Light Pollution and its Effects on Atlantic Puffins and Leach’s Storm-Petrels
By: Mary Alliston Butt
Light pollution is the usage of artificial lights, such as streetlights, car lights, business signs, etc., which brighten the natural dark night skies. Throughout the world, we are seeing the effects light pollution has upon our nature from sea turtle hatchlings venturing inland, disrupting coral spawning, to hindering circadian (sleep) cycles of humans to wolves to insects.
In Newfoundland and Labrador, we are seeing detrimental effects of light pollution on the Atlantic Puffin and Leach’s Storm-Petrels during fledging season. Newfoundland and Labrador is home to some of the world’s largest populations of these birds, with the Witless Bay Ecological Reserve hosting the largest colony of Atlantic Puffins in North American, and the world’s second largest colony of Leach’s Storm-Petrels. Both Puffins and Petrels return to land, simply to reproduce. They dig burrows for nests and lay one egg in May or June, which is incubated by both parents. After approximately 7 weeks later the chicks hatch and begin leaving their nests in late summer and early fall (during the fledging season) to make their way out to sea, floating for at least 3 years. Fledging occurs during the night to avoid predators, using the moon and stars as their navigation system, leading them to the ocean. However, artificial lighting is causing the light pollution to overpower the brightness of the stars and the moon, confusing these young chicks. When exiting their burrows, they often see bright lights which to them are the moon, but lead them to coastal communities, stranding them inland.
As a seabird, Puffins and Petrels find locomotion on land very difficult and rely on the ocean for its food source, usually capelin. Being on land, they are unable to return to sea on their own, are susceptible to predation, starvation, and being struck by vehicles. This issue is extreme in the surrounding communities of Witless Bay Ecological Reserve, Newfoundland, due to the island’s close proximity to land, the increasing development of the region, and the high population of birds present. However, these strandings are happening across the province, across the country, and the world, with not only these birds but other species as mentioned. Oil platforms and large boats are also facing these issues with stranded birds due to their light pollution.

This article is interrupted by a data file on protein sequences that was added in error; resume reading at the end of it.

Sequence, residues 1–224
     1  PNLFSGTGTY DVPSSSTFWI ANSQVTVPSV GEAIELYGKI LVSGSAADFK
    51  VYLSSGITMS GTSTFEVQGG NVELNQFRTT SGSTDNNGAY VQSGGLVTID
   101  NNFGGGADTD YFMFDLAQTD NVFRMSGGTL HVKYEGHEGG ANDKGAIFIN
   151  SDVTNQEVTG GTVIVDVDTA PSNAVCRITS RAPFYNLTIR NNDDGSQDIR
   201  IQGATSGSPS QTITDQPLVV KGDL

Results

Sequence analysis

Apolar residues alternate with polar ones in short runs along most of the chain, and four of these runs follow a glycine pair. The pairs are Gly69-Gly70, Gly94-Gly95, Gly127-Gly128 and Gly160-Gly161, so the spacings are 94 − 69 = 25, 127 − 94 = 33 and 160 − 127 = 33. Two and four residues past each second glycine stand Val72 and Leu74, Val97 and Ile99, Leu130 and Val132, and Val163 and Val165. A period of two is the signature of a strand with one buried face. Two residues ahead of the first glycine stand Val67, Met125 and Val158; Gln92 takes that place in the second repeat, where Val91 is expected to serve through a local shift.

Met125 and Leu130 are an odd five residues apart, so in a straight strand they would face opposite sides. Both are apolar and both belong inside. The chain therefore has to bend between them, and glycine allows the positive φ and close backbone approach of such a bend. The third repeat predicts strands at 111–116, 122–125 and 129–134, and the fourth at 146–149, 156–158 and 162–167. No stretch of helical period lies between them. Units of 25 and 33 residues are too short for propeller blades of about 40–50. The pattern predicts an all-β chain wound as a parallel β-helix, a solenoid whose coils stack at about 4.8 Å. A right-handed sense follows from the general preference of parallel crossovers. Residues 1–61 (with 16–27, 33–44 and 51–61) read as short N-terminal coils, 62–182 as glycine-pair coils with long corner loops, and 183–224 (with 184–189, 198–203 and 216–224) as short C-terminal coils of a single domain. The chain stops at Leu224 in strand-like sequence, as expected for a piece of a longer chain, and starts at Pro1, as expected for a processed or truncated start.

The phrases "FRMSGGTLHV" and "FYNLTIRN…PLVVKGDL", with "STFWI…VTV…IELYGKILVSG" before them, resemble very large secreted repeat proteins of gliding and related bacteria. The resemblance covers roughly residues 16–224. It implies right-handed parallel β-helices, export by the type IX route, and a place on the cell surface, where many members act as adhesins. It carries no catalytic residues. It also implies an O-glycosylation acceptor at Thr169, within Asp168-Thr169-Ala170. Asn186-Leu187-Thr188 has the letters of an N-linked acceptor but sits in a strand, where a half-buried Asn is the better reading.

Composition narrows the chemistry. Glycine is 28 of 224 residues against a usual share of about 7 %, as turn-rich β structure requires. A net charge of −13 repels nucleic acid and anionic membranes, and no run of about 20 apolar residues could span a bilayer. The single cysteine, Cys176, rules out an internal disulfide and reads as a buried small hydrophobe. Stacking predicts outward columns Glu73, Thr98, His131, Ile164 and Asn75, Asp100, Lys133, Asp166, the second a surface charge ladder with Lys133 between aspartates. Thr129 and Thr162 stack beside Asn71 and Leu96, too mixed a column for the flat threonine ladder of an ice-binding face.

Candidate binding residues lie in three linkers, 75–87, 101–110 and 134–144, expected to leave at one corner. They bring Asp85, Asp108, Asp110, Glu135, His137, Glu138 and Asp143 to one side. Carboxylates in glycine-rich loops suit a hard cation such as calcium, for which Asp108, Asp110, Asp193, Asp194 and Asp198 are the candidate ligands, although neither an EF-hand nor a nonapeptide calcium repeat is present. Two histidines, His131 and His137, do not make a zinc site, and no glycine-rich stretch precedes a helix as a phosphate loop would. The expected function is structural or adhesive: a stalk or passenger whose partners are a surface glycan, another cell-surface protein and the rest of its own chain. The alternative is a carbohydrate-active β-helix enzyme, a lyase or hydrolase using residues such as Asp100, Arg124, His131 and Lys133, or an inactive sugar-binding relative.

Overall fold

Puffins begin to fledge August to September, while Petrels fledge September to October. During these seasons please turn off all unnecessary lights, install cutoff shades to streetlights and house lights to reduce the upward glow, use motion sensors around your property, try warmer coloured lights such as amber (all lights should be under 4000K no matter the colour), use window coverings on windows facing the coastline, and report any puffins or petrels to Canadian Wildlife Services. Both birds are listed under the IUCN red list due to their historically low populations, any effort to ensure they make their way out to sea is a win for these beautiful birds. Research your area to understand what species are being affected by artificial lighting and encourage others to be dark sky friendly.
For more information on Puffin and Petrels in Newfoundland and Labrador and how you can help, check out Canadian Parks and Wilderness Society – Newfoundland and Labrador’s Puffin and Petrel Program at https://cpawsnl.org/puffinpetrelpatrol/.
Mary Alliston Butt CaNOE Director-at-Large Ocean Conservation Coordinator, CPAWS-NL
Mary Alliston Butt has always had a passion for the environment, and a special interest in the ocean. She received her Bachelor’s Degree in Ecology and Conservation Biology from Memorial University of Newfoundland. She then continued her studies by moving to the small town of Isafjordur, Iceland to complete her Master of Resource Management from the University of the Westfjords. Throughout her education, she has taken advantage of an array of field work from researching invasive Green Crabs in Newfoundland, to Humpback Whales in Iceland. Her experiences and education have made her dreams a reality, helping to protect the oceans around us.